Lenin statue_311 reuters.
(photo credit: Ilya Naymushin / Reuters)
Documents apparently confirming rumors that Vladimir Lenin had Jewish ancestors
can now be seen at Russia’s State History Museum, AP reported on
RELATED:Neo-Nazis discover Jewish roots; embrace
Judaism'DNA shows Hitler of mixed race'
Among the newly released documents on display at the museum is a
letter written by Lenin’s sister, Anna Ulyanova, claiming that their maternal
grandfather was a Jew from the Ukraine who converted to Christianity to escape
persecution in the Pale of Settlement and have access to higher education, the
“He came from a poor Jewish family and was, according to his
baptismal certificate, the son of Moses Blank, a native of [the western
Ukrainian city of] Zhitomir,” Ulyanova wrote in 1932 in a letter cited by
In the letter written to Josef Stalin, who replaced Lenin after his
death in 1924, Ulyanova wrote, “Vladimir Ilych had always thought of Jews
highly. I am very sorry that the fact of our origin – which I had suspected
before – was not known during his lifetime.”
Lenin, who was born Vladimir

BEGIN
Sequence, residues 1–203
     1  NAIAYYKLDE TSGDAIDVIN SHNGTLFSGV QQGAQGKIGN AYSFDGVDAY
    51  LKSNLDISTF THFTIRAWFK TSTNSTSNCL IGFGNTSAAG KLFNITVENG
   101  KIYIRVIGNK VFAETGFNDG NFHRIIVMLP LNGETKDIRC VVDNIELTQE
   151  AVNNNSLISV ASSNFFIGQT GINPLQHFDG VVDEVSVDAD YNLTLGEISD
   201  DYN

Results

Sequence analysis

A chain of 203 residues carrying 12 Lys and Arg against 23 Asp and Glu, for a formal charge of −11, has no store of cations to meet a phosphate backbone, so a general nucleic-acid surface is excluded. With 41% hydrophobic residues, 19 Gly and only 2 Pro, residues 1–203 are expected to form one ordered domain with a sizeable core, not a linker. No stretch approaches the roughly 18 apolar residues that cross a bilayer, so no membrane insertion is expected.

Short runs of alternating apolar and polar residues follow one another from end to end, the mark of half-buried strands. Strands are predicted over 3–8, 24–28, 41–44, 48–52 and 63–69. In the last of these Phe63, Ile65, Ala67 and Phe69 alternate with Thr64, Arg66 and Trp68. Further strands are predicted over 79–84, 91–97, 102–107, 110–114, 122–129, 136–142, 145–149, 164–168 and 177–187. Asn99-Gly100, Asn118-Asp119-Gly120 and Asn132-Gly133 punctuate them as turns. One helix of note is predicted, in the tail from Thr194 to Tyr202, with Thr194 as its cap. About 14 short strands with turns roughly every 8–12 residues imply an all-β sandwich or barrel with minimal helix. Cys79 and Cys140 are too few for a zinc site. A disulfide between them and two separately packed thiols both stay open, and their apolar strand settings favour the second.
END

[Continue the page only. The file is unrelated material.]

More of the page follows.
Ilych Ulyanov in 1870, identified himself only as Russian under the czarist rule
in the country, during which anti-Semitism was rampant.
He adopted the
name Lenin in 1901 while in exile in Siberia.
JPOST VIDEOS THAT MIGHT INTEREST YOU:
According to the AP report,
Lenin oversaw a brief period of promotion of Jewish culture which ended in the
early 1930s when Stalin encouraged anti-Semitic purges and created a plan to
relocate all Soviet Jews.
Ulyanova requested that Stalin make Lenin’s
Jewish background known to combat the rise of anti-Semitism, AP reported. She
wrote in her letter, “I hear that in recent years anti-Semitism has been growing
stronger again, even among Communists.
It would be wrong to hide the fact
from the masses.”
Stalin ignored Ulyanova’s request and told her to “keep
absolute silence” about the letter, according to the exhibition’s curator,
The documents counter information presented in Lenin’s
official biography, written by his niece Olga Ulyanova, in which she claims that
his family had only Russia, German and Swedish roots.
letter was discovered by Russian historians in the early 1990s, but its
authenticity was questioned.
Join Jerusalem Post Premium Plus now for just $5 and upgrade your experience with an ads-free website and exclusive content. Click here>>